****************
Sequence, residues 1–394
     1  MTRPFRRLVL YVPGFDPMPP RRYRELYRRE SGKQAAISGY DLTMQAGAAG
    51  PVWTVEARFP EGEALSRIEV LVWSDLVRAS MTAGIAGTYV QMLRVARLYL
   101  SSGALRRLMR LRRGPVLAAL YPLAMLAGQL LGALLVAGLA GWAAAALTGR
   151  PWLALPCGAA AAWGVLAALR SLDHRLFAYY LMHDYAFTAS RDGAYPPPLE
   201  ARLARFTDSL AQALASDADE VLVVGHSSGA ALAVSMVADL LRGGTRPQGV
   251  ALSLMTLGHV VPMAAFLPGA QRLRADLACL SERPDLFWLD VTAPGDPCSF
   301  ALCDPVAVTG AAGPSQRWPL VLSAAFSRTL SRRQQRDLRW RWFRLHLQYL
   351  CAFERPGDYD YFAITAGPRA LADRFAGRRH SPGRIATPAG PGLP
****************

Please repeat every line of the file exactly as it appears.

Sequence, residues 1–394
     1  MTRPFRRLVL YVPGFDPMPP RRYRELYRRE SGKQAAISGY DLTMQAGAAG
    51  PVWTVEARFP EGEALSRIEV LVWSDLVRAS MTAGIAGTYV QMLRVARLYL
   101  SSGALRRLMR LRRGPVLAAL YPLAMLAGQL LGALLVAGLA GWAAAALTGR
   151  PWLALPCGAA AAWGVLAALR SLDHRLFAYY LMHDYAFTAS RDGAYPPPLE
   201  ARLARFTDSL AQALASDADE VLVVGHSSGA ALAVSMVADL LRGGTRPQGV
   251  ALSLMTLGHV VPMAAFLPGA QRLRADLACL SERPDLFWLD VTAPGDPCSF
   301  ALCDPVAVTG AAGPSQRWPL VLSAAFSRTL SRRQQRDLRW RWFRLHLQYL
   351  CAFERPGDYD YFAITAGPRA LADRFAGRRH SPGRIATPAG PGLP